ut whether the practitioner is Gold or Bellow or Paley, there is one more point to be made about bounciness, and that is that it is an expression of pleasure. One cannot deny that there is that in it. However, a question arises: if the world is as crooked and unreal as I think it is becoming, day by day; if one feels less and less power in the face of this unreality, day by day; if the inevitable end is destruction, if not of all life, then of much that is valuable and civilized in life—then why in God’s name is the writer pleased? Why don’t all of our fictional heroes wind up in institutions like Holden Caulfield, or suicides like Seymour Glass? Why is it, in fact, that so many of our fictional heroes—not just the heroes of Wouk and Weidman, but of Bellow, Gold, Styron, and others—wind up affirming life? For surely the air is thick these days with affirmation, and though we shall doubtless get this year our annual editorial from Life calling for affirmative novels, the plain and simple fact is that more and more books by serious writers seem to end on a note of celebration. Not just the tone is bouncy, but the moral is bouncy too. In The Optimist, another novel of Gold’s, the hero, having taken his lumps, cries out at the conclusion, “More. More. More! More! More!” This is the book’s last line. Curtis Harnack’s novel, The World of an Ancient Hand, ends with the hero filled with “rapture and hope” and saying aloud, “I believe in God.” And Saul Bellow’s Henderson the Rain King is a book which is given over to celebrating the regeneration of a man’s heart, feelings, blood, and general health. Of course it is of crucial importance, I think, that the regeneration of Henderson takes place in a world that is thoroughly and wholly imagined, but does not really exist; that is, it is not a part of that reality which we all read about and worry over—this is not the tumultuous Africa of the newspapers and the United Nations discussions that Eugene Henderson visits. There is nothing here of nationalism or riots or apartheid. But then, why should there be? There is the world, but there is also the self. And the self, when the writer turns upon it all his attention and talent, is revealed to be a remarkable thing. First off, it exists, it’s real. I am, the self cries, and then, taking a nice long look, it adds, and I am beautiful.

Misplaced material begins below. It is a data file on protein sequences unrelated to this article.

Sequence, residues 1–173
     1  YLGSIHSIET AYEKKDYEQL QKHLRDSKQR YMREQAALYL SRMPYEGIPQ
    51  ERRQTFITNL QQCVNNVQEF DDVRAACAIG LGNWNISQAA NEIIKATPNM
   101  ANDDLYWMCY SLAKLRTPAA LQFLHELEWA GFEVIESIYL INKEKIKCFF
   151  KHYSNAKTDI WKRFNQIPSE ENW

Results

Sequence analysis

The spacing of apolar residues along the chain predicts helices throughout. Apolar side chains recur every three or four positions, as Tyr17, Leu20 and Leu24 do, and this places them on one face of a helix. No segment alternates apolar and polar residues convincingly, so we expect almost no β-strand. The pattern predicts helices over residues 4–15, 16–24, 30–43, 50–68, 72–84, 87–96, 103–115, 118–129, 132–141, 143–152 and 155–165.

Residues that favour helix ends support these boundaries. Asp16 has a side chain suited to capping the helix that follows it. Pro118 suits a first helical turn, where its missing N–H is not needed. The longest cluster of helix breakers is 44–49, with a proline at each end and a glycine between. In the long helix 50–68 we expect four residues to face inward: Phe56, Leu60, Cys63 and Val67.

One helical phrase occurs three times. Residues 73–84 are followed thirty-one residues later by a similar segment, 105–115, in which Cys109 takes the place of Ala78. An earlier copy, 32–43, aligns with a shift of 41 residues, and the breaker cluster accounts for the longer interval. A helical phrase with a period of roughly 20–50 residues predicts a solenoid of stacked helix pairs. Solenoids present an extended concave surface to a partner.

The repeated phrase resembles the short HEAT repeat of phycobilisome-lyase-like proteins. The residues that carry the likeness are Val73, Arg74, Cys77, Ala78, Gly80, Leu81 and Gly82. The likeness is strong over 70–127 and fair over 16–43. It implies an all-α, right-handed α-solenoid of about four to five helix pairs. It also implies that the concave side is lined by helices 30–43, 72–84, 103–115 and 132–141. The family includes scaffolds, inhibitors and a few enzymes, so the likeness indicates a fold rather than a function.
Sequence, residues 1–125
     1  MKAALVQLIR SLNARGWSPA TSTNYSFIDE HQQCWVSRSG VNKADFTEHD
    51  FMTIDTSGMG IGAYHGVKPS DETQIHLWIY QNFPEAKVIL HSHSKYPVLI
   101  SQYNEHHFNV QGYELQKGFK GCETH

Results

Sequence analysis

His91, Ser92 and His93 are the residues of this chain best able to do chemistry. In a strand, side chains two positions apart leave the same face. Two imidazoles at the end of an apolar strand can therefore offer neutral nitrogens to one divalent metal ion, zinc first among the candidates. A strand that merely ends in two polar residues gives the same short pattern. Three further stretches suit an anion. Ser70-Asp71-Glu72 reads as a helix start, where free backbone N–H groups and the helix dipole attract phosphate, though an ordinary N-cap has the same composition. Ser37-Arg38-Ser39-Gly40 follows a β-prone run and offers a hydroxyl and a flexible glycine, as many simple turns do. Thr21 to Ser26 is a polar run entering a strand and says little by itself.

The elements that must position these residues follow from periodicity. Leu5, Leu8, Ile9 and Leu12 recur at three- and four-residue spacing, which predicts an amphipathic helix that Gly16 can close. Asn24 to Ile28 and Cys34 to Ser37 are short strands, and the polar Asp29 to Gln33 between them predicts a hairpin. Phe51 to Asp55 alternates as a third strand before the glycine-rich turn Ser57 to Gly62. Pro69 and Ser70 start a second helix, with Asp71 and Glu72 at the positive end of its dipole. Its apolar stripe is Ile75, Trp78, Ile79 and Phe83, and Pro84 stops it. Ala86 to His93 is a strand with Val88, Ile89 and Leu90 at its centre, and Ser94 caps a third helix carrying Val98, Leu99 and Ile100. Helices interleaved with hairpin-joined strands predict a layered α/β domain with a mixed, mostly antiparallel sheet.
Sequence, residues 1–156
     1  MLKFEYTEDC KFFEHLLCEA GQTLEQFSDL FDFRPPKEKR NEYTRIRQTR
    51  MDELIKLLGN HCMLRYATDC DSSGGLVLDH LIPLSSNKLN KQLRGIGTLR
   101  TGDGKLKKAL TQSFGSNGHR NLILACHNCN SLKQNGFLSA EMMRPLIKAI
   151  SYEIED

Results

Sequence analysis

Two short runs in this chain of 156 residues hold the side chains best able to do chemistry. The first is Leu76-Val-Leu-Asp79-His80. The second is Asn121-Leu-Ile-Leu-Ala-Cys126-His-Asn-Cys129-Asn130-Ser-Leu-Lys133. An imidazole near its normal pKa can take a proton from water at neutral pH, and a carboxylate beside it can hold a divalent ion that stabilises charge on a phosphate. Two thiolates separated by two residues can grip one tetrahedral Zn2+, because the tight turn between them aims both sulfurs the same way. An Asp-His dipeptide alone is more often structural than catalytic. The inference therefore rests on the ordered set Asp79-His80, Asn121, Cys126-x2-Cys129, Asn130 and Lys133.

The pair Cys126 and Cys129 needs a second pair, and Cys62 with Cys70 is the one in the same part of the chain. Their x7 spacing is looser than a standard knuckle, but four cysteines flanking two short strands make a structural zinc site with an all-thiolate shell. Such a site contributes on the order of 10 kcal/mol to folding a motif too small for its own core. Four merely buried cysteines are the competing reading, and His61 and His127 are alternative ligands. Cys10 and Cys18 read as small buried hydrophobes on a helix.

At the conclusion of Bellow’s book, the hero, Eugene Henderson, a big, sloppy millionaire, is returning to America, coming home from a trip to Africa where he has been plague-fighter, lion-tamer, and rainmaker; he is bringing back with him a real lion. Aboard the plane he befriends a small Persian boy, whose language he cannot understand. Still, when the plane lands at Newfoundland, Henderson takes the child in his arms and goes out onto the field. And then: